Without a great deal of pomp, but with considerable anticipation, Nikon have just released a new version of their 300mm f/4 lens. So what makes the Nikkor 300mm f/4 AF-S PF ED VR unusual and special?
It is the first Nikon lens incorporating what they call a phase Fresnel element (hence PF). So what does this do? In an over-simplified nutshell it allows light to be bent through a greater angle than normal glass, which results in the light being brought into focus over a shorter distance. The important consequence of this is the size of any lens of a given focal length is reduced.
The distance a normal 300mm lens takes from first bending the light (where light initially hits the glass of the outer element) to where it is brought into focus (on the sensor) is - wait for it - 300mm (this is a simplified definition of focal length).
However, the use of phase Fresnel lens elements reduces this distance, so instead of the 300mm f/4 lens being 222mm in length (as is the conventional Nikkor 300mm f/4 AF-S IF ED), the new Nikkor 300mm f/4 AF-S PF ED VR is only 147.5mm long. There is a corresponding weight reduction of 545 grams as well, from 1300g down to 755g.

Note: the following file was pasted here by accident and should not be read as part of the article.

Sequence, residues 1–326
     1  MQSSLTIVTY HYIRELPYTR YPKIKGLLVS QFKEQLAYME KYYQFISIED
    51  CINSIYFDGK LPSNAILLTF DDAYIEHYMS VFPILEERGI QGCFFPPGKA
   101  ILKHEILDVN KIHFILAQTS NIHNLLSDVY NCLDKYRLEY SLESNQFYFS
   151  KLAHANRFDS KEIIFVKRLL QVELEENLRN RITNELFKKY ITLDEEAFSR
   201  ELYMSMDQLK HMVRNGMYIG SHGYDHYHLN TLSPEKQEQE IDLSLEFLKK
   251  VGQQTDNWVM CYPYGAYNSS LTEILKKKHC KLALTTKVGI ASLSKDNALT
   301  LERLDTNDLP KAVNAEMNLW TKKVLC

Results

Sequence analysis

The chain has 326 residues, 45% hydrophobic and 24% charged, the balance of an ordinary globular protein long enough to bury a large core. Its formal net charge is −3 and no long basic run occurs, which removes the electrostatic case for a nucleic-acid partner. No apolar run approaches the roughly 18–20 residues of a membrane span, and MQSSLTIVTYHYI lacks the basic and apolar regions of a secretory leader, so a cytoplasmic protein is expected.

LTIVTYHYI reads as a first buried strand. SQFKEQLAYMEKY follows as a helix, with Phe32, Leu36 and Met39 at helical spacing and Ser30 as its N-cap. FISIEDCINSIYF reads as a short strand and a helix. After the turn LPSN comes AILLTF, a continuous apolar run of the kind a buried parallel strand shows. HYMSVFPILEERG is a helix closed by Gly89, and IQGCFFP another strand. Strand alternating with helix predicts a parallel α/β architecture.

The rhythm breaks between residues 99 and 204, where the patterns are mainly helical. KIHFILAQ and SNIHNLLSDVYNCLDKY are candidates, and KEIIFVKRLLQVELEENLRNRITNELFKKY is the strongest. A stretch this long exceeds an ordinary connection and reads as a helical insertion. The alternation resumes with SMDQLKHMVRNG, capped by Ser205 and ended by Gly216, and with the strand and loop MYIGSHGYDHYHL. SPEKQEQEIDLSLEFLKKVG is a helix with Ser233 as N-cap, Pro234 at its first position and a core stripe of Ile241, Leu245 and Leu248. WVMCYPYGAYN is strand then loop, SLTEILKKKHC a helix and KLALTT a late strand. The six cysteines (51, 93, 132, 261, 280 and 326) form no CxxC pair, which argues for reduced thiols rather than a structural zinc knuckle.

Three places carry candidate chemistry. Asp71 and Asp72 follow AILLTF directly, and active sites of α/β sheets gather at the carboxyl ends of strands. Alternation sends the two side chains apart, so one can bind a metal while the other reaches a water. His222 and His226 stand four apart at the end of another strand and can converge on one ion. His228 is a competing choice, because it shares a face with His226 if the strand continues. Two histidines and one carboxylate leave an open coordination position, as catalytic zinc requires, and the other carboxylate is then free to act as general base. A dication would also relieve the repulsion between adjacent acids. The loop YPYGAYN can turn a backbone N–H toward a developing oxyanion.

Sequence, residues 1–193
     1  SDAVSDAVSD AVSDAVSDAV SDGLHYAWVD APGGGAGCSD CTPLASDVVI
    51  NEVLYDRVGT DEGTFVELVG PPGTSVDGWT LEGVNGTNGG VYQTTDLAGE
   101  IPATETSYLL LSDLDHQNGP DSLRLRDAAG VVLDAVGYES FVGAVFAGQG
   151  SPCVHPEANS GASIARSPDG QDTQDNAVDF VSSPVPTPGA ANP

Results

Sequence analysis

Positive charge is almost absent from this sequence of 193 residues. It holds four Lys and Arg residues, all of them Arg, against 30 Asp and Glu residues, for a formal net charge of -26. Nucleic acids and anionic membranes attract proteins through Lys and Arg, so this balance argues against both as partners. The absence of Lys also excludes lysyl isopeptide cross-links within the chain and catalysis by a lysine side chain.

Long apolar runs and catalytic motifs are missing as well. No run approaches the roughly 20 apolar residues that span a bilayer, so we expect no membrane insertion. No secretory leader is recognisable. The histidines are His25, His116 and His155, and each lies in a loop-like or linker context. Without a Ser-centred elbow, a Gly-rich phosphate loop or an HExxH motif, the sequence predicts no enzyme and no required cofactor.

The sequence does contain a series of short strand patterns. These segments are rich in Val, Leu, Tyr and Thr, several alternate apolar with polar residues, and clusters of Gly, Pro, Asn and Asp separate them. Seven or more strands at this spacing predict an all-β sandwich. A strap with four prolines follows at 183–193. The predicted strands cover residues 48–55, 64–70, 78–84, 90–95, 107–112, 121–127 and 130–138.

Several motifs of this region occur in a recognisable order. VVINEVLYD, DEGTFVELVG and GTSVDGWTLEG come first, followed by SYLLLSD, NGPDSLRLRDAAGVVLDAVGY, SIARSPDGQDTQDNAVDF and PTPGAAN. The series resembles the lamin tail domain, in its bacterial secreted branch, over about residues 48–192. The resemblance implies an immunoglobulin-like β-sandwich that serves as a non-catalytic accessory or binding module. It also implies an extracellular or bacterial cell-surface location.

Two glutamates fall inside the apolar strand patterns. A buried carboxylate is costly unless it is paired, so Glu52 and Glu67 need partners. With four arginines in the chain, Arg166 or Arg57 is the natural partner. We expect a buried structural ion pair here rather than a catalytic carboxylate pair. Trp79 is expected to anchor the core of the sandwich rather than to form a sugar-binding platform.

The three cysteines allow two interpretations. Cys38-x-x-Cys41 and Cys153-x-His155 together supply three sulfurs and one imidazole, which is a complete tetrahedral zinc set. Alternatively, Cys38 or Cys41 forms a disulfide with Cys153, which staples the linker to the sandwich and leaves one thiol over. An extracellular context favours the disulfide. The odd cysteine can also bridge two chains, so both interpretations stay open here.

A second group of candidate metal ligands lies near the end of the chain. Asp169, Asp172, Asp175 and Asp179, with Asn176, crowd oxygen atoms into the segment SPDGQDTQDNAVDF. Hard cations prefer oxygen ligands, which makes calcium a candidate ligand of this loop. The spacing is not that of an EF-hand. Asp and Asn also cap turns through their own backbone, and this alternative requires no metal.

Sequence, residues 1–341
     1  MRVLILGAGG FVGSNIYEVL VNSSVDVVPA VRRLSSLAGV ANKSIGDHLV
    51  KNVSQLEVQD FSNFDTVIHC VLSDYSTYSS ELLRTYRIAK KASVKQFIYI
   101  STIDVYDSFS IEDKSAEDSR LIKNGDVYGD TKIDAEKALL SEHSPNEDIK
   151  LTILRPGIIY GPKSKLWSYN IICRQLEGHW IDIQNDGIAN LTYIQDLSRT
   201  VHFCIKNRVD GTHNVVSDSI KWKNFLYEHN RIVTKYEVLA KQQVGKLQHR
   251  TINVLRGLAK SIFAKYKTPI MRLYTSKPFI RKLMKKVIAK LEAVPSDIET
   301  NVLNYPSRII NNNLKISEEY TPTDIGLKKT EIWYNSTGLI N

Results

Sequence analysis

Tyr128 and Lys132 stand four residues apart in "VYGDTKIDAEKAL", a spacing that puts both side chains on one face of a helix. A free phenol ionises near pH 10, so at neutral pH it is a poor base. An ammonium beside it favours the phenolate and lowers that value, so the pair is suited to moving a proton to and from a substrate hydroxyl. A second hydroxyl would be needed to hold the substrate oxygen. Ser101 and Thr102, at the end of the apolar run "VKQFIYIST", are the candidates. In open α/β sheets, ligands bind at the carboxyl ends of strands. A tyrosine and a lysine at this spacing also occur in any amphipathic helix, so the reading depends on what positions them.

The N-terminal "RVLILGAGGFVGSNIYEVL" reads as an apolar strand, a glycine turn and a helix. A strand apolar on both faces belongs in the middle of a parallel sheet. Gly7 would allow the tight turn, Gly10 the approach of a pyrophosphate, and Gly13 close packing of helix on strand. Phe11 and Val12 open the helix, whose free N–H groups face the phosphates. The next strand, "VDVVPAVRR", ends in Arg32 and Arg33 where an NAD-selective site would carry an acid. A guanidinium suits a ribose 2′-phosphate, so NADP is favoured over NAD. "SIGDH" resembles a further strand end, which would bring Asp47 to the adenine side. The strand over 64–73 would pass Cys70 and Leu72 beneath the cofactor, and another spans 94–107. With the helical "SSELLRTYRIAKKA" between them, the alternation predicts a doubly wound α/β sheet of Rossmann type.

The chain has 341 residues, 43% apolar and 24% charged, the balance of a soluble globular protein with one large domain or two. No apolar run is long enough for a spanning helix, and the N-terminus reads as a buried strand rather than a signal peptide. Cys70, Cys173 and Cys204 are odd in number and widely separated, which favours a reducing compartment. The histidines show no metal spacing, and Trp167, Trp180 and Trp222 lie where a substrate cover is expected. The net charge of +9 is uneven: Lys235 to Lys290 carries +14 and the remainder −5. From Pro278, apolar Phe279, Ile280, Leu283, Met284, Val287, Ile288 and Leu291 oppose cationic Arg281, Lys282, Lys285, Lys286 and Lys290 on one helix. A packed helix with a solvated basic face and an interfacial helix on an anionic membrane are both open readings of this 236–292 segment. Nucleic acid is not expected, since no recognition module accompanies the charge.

This is not new technology as Fresnel lenses (named after their French inventor Augustin-Jean Fresnel) were first used in lighthouses in 1823 and Canon introduced their own version of this technology in 2000 under the banner 'diffractive optics' lenses (DO). These were, and remain, rather expensive - their 400mmm f/4 IS DO USM currently retails for £5400.
The new Nikkor 300mm is somewhat cheaper at £1640. Nikon claim these lenses given incredible optical performance, there is no compromise in quality and images are every bit as crisp and contrasty as with the equivalent conventional lens. Assuming this is so, this new lens is bound to prove popular with wildlife and travel photographers conscious of the weight of their equipment.
One to add to your Christmas list perhaps?